Raleigh Christmas parade driver faces new involuntary manslaughter charge

Tribune Content Agency

RALEIGH, N.C. — The driver in the Raleigh Christmas Parade faces new charges after the accident that led to an 11-year-old girl’s death.

Landen Glass now faces a charge of involuntary manslaughter, a felony, and infractions of failure to reduce speed and improper brakes, Wake County District Attorney Lorrin Freeman said Wednesday night.

He was previously charged Nov. 19, hours after the accident, with misdemeanor death by motor vehicle, careless and reckless driving, improper equipment, unsafe movement and carrying a firearm in a parade.

Freeman said a grand jury met March 20 and returned an indictment on the new charges. She said she could not elaborate on the facts of case but that the charges came following “additional investigation.”

He appeared in administrative court Jan. 26, where his case was continued to March 29.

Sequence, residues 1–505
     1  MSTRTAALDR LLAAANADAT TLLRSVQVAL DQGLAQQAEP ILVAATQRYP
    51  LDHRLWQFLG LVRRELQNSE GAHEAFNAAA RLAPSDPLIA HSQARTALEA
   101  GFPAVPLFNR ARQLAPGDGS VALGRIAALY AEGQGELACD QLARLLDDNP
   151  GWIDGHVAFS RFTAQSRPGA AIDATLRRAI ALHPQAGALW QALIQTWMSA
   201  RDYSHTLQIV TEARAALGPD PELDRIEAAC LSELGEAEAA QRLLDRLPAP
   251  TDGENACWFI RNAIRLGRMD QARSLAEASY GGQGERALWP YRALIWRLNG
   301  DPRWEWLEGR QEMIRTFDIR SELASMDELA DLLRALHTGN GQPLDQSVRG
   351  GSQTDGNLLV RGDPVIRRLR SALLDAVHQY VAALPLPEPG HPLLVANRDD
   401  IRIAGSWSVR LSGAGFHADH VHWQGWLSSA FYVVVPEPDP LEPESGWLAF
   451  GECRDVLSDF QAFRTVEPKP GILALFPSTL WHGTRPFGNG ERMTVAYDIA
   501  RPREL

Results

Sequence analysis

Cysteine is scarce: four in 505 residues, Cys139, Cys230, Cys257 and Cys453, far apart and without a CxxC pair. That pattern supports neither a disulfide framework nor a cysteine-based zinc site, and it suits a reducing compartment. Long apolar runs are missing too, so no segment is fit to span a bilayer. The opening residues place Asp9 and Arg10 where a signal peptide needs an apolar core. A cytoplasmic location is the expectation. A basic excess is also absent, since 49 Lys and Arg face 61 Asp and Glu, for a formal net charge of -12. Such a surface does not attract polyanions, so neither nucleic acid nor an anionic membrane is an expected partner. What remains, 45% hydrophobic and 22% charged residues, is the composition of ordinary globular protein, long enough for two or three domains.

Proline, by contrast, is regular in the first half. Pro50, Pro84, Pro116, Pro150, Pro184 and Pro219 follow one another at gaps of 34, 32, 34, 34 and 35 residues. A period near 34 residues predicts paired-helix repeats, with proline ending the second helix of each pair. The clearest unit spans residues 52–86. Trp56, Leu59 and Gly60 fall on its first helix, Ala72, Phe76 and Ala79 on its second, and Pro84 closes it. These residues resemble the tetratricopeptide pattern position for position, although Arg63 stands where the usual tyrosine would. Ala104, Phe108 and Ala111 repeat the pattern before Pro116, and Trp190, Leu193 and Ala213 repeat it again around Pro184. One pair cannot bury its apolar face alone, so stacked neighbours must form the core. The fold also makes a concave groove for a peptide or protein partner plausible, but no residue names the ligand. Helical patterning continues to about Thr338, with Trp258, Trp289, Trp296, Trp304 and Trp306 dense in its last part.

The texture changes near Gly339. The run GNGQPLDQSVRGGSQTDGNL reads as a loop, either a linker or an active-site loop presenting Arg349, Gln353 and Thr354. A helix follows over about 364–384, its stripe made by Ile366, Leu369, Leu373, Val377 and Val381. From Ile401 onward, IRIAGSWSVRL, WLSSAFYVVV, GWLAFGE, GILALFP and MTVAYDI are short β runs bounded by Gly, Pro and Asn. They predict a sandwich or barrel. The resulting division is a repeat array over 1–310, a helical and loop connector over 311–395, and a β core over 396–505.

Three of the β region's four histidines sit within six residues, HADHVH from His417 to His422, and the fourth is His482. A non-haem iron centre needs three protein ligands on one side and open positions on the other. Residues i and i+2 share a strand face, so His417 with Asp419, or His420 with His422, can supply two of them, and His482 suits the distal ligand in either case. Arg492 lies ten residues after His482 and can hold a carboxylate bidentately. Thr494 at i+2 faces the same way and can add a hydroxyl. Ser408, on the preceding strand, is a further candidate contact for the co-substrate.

Freeman said he now will need to turn himself in on the new charges, where the conditions for his release will be set. His case will be turned over to Superior Court, with a new date set several weeks from now, Freeman said. Next week’s court date no longer will take place for Glass.

“This is the beginning of a process,” Freeman said.

Glass was driving a pickup truck and towing a float in the Raleigh Christmas Parade when his vehicle lost control on Hillsborough Street. Spectators said Glass honked his horn and shouted for people to get out of the way, while parade-goers rushed to stop the truck.

The truck struck Hailey Kaye Brooks, who was dancing with the CC & Company Dance Complex near the intersection of Hillsborough Street and Boylan Avenue. First responders took Hailey to the hospital where she died.

Glass, 20, lives in Goode, Va. Documents obtained by The News & Observer showed that Glass had previously been issued multiple citations for his vehicle, including failure to have it inspected.

The involuntary manslaughter charge is a Class F felony with a maximum sentence of three years, but Freeman said the penalty is based on prior record.

If convicted on the initial charges, Glass would face a maximum sentence of one year in jail, a 30-day suspension of his driver’s license, up to a $750 fine and a lasting mark on his driving record.